A new way to vaccinate cattle

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A new approach to vaccinating cattle could help farmers worldwide, research suggests.

Scientists have developed a technique using a harmless parasite, which lives in cows but has no effect on their health, to carry medicines into the animals' bloodstream.

Researchers created the vaccine by inserting key genetic material from a vaccine into the parasite's DNA.

The manipulated parasite is intended to be injected into cattle, where it would continue to thrive in their bloodstreams, releasing small amounts of vaccine slowly over time.

The treatment could offer long-term protection against common conditions such as foot-and-mouth disease or bovine tuberculosis, as well as a range of other diseases.

Scientists say the method could also be adapted to carry medicines as well as vaccines, to deliver drug treatments against common cattle diseases.

It is hoped the approach will help to control or eradicate major cattle diseases.

"This method has real potential to control a wide range of cattle diseases throughout the world. It is also a fantastic example of how building on many years of basic scientific research can lead to unanticipated economic potential," says Professor Keith Matthews, of the University of Edinburgh's School of Biological Sciences, who led the research.

The research was carried out in collaboration with the Moredun Research Institute with funding from the Wellcome Trust and the Biotechnology and Biological Sciences Research Council, and published in the journal PLoS Pathogens.

Source: ScienceDaily.com



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Carol    
Iowa  |  November, 02, 2011 at 10:24 AM

You say "harmless parasite which lives in cows" but fail to address issues about the human that eats the cow containing the parasite...hum. More needs to be explored here before allowed on the market as a vaccine/medical health enhancer !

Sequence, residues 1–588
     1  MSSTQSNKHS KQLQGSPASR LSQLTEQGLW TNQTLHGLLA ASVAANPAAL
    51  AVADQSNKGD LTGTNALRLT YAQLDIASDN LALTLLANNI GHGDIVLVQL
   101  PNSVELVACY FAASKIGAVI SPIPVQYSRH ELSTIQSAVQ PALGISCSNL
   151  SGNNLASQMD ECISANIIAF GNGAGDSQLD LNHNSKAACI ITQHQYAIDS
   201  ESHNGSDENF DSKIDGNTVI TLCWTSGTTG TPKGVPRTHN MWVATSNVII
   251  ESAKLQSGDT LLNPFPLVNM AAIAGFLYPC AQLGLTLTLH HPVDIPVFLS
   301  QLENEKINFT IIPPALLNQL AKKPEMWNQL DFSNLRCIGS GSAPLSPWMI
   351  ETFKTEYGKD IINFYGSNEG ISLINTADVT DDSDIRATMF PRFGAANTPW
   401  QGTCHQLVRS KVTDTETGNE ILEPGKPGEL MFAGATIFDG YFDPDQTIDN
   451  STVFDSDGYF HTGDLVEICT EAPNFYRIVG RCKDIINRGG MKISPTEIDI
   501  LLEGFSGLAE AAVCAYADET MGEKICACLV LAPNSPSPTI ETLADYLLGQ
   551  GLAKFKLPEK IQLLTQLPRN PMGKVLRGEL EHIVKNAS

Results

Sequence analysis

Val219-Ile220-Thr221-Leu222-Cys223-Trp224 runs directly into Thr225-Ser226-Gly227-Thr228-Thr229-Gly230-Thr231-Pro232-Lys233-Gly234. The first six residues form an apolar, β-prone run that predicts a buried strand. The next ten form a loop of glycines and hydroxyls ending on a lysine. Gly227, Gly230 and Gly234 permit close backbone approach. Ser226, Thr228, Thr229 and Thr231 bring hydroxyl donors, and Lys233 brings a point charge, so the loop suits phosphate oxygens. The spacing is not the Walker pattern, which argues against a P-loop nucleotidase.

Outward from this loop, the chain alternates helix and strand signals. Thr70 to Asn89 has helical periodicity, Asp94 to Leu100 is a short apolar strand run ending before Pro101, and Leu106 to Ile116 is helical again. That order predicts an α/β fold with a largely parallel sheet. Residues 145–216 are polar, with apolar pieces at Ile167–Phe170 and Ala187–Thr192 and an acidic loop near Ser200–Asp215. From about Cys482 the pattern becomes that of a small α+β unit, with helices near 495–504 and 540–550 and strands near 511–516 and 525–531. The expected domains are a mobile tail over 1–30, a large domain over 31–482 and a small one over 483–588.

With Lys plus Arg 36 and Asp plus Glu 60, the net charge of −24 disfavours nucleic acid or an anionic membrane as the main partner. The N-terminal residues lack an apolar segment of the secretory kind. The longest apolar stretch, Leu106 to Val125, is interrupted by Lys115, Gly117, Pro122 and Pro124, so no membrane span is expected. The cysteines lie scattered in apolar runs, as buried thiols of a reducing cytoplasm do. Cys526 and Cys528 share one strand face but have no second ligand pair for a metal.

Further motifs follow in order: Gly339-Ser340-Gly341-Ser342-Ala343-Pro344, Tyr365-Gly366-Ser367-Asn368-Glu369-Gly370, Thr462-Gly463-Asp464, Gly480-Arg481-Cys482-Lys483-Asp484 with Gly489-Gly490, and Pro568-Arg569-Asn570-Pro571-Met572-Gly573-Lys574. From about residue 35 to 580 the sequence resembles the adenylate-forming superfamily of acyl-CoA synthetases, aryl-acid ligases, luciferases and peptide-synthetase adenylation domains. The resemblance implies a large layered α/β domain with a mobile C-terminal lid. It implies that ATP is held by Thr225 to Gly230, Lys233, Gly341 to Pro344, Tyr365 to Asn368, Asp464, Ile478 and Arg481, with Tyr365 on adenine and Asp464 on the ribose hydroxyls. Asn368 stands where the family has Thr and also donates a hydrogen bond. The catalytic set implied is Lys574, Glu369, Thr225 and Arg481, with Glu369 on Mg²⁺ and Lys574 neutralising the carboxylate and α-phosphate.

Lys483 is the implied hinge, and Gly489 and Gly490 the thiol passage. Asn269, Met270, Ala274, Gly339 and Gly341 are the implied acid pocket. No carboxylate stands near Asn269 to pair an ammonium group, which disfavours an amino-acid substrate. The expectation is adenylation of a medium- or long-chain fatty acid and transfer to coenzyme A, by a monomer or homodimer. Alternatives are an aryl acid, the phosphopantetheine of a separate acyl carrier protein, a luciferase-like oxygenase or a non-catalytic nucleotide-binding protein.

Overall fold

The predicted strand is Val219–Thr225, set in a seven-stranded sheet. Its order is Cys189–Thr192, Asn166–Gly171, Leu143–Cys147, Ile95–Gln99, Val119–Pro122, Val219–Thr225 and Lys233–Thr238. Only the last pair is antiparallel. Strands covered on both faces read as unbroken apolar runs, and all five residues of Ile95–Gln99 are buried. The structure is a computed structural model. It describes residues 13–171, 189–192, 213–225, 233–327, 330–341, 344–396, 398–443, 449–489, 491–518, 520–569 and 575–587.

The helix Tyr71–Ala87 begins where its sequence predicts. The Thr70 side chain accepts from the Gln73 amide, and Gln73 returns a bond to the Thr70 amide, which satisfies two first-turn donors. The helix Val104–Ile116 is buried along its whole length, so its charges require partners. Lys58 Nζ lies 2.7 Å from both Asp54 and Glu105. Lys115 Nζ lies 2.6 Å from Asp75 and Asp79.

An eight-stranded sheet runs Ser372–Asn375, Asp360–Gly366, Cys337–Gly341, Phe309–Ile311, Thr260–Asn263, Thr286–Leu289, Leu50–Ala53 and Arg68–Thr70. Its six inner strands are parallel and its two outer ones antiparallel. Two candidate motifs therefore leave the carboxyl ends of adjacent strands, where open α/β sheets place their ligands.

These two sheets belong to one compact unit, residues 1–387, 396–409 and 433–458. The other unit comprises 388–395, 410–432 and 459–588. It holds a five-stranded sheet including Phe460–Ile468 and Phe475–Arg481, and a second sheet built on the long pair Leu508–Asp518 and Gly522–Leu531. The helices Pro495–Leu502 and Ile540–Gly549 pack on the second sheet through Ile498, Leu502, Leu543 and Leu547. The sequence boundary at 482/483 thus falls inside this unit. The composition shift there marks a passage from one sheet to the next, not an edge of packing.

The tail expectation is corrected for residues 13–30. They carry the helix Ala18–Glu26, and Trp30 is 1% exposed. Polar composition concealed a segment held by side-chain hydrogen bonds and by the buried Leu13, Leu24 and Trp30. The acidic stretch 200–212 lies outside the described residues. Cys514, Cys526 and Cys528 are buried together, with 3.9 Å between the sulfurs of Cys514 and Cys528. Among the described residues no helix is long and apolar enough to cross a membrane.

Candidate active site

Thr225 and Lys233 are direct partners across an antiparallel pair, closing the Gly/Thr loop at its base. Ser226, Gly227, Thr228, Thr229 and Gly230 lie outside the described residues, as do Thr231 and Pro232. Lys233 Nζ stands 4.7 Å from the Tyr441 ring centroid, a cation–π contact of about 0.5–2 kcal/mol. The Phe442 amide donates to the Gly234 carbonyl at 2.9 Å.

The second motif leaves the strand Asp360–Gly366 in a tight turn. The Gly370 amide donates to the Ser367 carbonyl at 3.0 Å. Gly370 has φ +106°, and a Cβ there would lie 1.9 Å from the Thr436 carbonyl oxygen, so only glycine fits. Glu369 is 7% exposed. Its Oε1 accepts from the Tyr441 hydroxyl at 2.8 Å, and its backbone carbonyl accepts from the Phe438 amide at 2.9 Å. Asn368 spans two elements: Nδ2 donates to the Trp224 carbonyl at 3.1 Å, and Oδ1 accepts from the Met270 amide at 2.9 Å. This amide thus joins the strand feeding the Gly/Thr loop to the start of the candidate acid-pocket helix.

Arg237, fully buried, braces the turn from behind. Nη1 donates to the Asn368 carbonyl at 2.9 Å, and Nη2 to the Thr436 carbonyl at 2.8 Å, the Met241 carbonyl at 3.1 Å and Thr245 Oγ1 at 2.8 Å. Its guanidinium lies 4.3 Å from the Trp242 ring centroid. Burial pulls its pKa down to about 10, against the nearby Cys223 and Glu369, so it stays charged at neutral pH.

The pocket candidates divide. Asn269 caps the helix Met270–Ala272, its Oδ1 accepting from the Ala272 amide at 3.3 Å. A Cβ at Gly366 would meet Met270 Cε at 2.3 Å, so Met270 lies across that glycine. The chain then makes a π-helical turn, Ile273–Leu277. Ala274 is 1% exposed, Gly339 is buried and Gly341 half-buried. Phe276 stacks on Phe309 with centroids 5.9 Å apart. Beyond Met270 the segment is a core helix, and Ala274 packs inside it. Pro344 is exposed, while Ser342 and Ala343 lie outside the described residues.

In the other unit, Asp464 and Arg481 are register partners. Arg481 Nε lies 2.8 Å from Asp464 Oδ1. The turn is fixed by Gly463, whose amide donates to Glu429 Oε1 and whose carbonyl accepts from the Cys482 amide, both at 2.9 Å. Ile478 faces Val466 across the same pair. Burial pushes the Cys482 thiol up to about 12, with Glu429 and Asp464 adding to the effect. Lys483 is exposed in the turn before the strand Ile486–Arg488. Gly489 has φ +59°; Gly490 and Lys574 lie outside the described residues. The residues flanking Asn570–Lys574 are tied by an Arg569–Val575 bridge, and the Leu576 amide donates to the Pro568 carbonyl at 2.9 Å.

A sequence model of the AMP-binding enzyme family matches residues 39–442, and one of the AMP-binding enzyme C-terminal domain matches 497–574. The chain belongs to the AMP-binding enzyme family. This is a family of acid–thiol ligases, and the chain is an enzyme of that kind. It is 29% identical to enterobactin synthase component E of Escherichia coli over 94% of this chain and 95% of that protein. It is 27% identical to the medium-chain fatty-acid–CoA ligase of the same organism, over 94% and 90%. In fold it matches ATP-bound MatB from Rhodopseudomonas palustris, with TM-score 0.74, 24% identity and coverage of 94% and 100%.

Jim    
Oklahoma  |  November, 03, 2011 at 06:32 PM

Sounds like a complex process of developing immunity in the target culprit community, ultimately leading to a second state that's much worse than the first. Oh sorry, I forgot to say gee whizz - - -

Doug McCloy    
New Mexico  |  November, 03, 2011 at 06:44 PM

This parsite will have to be immune to Ivomec.

Joe Clark,DVM    
Cokorado  |  November, 04, 2011 at 12:27 AM

",harmless parasite " is an oxymoron. A parasite is an organism that lives entirely at the expence of the host.

Lynne Dzuba DVM    
USA  |  November, 06, 2011 at 12:12 PM

Parasite can be commensals whereby they do not harm their host and benefit by being within their host ... an example is the peritoneal parisite Setaria sp.

gotmilk    
pa  |  November, 22, 2011 at 02:49 PM

"Parasite" may mean virus or other agent that is manipulated to produce beneficial results while removing the ability to cause known disease. Biotechnology is still in "toddler" years. Carol, Much more will need to be explored before anything can be put into practice in the market place. It sounds like this is in early development and research stages. Bitoech products like Posilac were researched for lose to 20 yrs with millions $ investment and safety studies before approved for practical application. Lets stick to good research and science, not science fiction. There could be tremendous beneficial applications developing from this technology which eventually could be used to cure human health conditions as well.


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